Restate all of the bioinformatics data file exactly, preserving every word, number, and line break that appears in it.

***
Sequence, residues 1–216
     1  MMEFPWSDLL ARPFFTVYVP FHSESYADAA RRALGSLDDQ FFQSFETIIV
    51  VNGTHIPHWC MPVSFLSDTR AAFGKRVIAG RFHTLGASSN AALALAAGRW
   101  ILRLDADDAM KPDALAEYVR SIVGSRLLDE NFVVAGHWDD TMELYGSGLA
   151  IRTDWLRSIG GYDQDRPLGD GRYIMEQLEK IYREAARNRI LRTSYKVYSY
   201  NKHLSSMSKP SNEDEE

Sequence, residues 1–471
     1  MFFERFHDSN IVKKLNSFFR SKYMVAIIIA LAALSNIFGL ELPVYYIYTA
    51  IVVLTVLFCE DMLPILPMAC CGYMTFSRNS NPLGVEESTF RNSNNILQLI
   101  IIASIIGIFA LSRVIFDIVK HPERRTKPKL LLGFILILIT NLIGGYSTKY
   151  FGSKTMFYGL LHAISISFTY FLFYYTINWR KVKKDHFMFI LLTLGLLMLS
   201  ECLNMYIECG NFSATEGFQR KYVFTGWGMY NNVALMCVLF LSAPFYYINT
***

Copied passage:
Sequence, residues 1–216
     1  MMEFPWSDLL ARPFFTVYVP FHSESYADAA RRALGSLDDQ FFQSFETIIV
    51  VNGTHIPHWC MPVSFLSDTR AAFGKRVIAG RFHTLGASSN AALALAAGRW
   101  ILRLDADDAM KPDALAEYVR SIVGSRLLDE NFVVAGHWDD TMELYGSGLA
   151  IRTDWLRSIG GYDQDRPLGD GRYIMEQLEK IYREAARNRI LRTSYKVYSY
   201  NKHLSSMSKP SNEDEE

Sequence, residues 1–471
     1  MFFERFHDSN IVKKLNSFFR SKYMVAIIIA LAALSNIFGL ELPVYYIYTA
    51  IVVLTVLFCE DMLPILPMAC CGYMTFSRNS NPLGVEESTF RNSNNILQLI
   101  IIASIIGIFA LSRVIFDIVK HPERRTKPKL LLGFILILIT NLIGGYSTKY
   151  FGSKTMFYGL LHAISISFTY FLFYYTINWR KVKKDHFMFI LLTLGLLMLS
   201  ECLNMYIECG NFSATEGFQR KYVFTGWGMY NNVALMCVLF LSAPFYYINT